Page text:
Cover art for podcast Seizing Freedom

Seizing Freedom

41 EpisodesProduced by VPMWebsite

Highlighting true stories of Black people’s fight for liberation, progress and joy from the Civil War to the Civil Rights Movement and beyond. Seizing Freedom illustrates the myriad ways Black people have sought and defined their own freedom in spite of the monumental forces at work to keep them fro… read more

41 Episodes | 2021 - 2022

Seizing Freedom: Official Trailer

January 18th, 2021


In most history classes, you learn that the Emancipation Proclamation and Union victories “freed the slaves.” But ending slavery in America required so much more than battlefield victories or even official …

Spotlight: Ambrose Headen

February 1st, 2021


Follow the incredible journey of Ambrose Headen, a man born into slavery who eventually played a pivotal role in founding one of the nation’s first …

Spotlight: Susie King Taylor

February 1st, 2021


A deeper look into the life of Susie King Taylor, who pursued her vision of freedom for herself, her family and for future generations.

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Intro: Time For A New Story

February 1st, 2021


If you’ve heard stories about Reconstruction, you’ve probably heard that it failed. And sure, some parts of Reconstruction did fail—but not because Black people didn’t claim their freedom.

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Spotlight: Cyntha Nickols

February 1st, 2021


African Americans had to go to extraordinary lengths in order to be reunited with their families after emancipation, including this grandmother’s struggle to gain custody of her grandson.

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A Powerful Black Hand

February 1st, 2021


How Black men and women fought to participate in the war against slavery, and how the Union’s decision to allow them to enlist shifted the tide of the Civil War.

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Interview: Crystal Feimster

February 4th, 2021


Interview with historian Crystal Feimster about the importance of digging into archives and disrupting the myth that the Civil War and Reconstruction are histories that belong to white men.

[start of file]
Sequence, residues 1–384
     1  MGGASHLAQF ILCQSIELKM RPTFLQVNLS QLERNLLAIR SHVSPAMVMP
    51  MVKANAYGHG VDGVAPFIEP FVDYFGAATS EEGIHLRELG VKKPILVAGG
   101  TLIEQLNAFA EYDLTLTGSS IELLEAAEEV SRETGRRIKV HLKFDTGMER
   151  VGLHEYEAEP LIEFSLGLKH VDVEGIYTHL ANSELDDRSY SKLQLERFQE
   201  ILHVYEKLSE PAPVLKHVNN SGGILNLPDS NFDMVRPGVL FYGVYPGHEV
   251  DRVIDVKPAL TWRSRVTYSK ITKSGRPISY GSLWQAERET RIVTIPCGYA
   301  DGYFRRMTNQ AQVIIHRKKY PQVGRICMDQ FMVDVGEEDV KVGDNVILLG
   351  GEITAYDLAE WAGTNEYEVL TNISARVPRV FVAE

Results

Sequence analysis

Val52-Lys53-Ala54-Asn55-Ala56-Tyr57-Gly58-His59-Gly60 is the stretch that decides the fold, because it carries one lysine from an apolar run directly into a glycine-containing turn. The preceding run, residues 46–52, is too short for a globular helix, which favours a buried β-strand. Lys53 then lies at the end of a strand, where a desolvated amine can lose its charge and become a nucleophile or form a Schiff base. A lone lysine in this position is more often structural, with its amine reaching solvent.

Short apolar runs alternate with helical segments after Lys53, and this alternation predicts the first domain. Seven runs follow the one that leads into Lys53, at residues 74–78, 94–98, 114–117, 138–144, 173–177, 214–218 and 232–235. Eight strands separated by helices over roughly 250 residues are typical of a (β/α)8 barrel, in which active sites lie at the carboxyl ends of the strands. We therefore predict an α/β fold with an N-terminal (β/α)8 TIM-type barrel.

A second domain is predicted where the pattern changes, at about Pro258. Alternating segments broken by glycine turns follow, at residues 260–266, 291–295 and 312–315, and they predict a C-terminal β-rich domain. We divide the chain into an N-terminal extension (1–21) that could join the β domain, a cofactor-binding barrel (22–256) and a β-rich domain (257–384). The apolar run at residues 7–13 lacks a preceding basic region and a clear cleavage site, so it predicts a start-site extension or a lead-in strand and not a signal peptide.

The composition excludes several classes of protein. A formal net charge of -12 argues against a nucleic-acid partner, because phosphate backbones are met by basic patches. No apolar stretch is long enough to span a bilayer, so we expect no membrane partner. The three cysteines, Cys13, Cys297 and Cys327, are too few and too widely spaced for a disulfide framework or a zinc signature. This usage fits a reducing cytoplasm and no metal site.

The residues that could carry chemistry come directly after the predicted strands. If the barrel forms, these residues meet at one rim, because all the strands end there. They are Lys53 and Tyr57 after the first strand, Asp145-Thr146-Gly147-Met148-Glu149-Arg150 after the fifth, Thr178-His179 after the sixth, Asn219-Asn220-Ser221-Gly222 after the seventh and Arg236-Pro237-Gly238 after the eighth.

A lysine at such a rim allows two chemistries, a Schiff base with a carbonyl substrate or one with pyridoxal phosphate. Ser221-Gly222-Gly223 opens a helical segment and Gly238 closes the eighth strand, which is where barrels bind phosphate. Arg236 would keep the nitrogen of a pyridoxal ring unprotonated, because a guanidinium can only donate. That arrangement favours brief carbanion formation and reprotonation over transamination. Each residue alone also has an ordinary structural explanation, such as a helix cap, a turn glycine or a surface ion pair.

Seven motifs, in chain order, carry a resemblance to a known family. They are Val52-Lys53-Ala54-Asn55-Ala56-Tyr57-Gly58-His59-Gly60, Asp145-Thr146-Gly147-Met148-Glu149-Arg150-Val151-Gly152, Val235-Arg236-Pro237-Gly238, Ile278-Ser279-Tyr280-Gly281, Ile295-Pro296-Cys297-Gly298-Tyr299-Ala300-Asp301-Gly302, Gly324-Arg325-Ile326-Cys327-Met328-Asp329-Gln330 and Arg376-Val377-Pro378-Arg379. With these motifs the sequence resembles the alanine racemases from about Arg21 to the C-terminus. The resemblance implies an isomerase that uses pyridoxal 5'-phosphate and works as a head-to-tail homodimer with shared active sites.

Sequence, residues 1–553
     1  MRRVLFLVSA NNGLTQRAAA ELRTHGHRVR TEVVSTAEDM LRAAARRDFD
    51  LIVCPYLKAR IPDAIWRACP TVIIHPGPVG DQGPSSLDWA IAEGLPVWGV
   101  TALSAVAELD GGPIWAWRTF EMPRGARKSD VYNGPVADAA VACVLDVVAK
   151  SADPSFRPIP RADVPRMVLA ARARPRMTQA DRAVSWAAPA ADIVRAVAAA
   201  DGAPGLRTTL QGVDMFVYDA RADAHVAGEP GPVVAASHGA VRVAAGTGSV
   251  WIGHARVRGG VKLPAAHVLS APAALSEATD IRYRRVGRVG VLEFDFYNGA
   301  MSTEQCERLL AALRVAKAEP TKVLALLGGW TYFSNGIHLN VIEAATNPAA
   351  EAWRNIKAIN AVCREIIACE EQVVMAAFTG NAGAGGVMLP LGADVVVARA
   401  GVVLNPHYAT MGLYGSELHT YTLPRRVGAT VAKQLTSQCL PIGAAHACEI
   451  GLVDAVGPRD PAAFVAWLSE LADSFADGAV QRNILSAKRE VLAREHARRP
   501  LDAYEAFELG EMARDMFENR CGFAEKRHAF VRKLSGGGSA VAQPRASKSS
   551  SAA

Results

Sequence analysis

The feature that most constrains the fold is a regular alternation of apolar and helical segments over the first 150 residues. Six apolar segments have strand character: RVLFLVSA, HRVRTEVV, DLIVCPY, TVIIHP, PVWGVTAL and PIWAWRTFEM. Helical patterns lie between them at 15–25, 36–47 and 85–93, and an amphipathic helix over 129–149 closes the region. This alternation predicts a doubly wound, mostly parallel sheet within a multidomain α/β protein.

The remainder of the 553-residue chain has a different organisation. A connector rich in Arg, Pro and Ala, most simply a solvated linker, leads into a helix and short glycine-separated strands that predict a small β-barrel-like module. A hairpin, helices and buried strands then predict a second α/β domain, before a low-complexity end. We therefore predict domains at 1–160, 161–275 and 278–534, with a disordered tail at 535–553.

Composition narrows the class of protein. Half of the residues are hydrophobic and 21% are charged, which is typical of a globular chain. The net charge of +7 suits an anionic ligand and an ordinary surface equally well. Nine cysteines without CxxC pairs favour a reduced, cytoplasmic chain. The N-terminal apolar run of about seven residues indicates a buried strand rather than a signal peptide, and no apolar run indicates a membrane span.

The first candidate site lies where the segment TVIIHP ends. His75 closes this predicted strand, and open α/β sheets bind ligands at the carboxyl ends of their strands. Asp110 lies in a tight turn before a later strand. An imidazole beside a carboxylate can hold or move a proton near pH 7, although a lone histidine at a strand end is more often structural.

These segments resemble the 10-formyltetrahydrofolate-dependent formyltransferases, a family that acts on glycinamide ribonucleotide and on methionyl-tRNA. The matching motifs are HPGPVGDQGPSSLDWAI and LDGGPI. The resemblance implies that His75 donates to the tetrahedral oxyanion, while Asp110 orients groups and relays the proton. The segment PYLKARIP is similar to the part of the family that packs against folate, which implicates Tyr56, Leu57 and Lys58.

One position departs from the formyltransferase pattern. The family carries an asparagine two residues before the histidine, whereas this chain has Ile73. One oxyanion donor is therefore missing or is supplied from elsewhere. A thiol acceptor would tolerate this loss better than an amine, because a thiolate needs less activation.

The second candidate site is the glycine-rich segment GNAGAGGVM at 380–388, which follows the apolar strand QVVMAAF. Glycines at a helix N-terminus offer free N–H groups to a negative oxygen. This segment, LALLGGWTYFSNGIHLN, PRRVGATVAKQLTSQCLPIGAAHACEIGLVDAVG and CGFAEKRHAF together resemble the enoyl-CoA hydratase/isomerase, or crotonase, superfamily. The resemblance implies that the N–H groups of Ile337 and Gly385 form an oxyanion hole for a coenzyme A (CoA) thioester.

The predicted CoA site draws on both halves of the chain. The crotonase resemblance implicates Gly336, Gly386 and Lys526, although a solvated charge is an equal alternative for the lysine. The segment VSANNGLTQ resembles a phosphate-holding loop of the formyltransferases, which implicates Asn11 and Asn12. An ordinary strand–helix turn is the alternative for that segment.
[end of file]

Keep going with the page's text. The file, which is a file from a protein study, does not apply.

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A Bedrock For Freedom

February 8th, 2021


How freedom wasn't as clear-cut as wartime refugees from slavery expected, and how— despite terrible conditions in many camps—Black people's desire for self-determination kept them going.

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Interview: Abigail Cooper

February 15th, 2021


Conversation with Abigail Cooper about the communities that Black people established in Civil War refugee camps, how they celebrated their African traditions and how they had to adapt to survive in the American …

Reconstructing Family

February 22nd, 2021


How freed people sought out their kin following emancipation, and how they worked to establish new lives with their families, pushing for recognition …

Interview: Deborah Willis

March 1st, 2021


Photography professor Deborah Willis speaks with Kidada about the power of photography during the Civil War era, and the stories images can reveal to us about the lives Black people led and wanted future generations to …

A New Joy Awaiting Me

March 8th, 2021


How newly emancipated African Americans established communities and expanded their labor on their own terms to build livelihoods for themselves and their families, and how they were met with extreme repercussions from …

Interview: Rhiannon Giddens

March 15th, 2021


The Grammy-winning musician discusses her connection to the banjo, its historical ties to Africa, and how she draws inspiration from the historical archives to create her songs.

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They Can't Keep Me Out

March 22nd, 2021


Further exploring the stakes of making a living as a Black person following emancipation and how, despite violent retaliation in light of their …

Interview: Tera Hunter

March 29th, 2021


Kidada speaks with Princeton Historian Tera Hunter about how Black workers wanted to shape their working lives after the Civil War, what communal labor looked like, and what activities they found joy in.

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Truth Makes The Free Man

April 5th, 2021


Education was regarded as the "real liberation" by many African Americans following emancipation from slavery, and they were willing to go to extreme …

Interview: Hilary Green

April 12th, 2021


Conversation about family histories and education, how many of the stereotypes that have been associated with Black people in the United States came to be, why they’re simply not true, and what the pursuit of knowledge …

Equal Children Of God

April 19th, 2021


How a thirst for soul liberty and the freedom to worship as they saw fit sustained Black Americans through centuries of enslavement. And how the …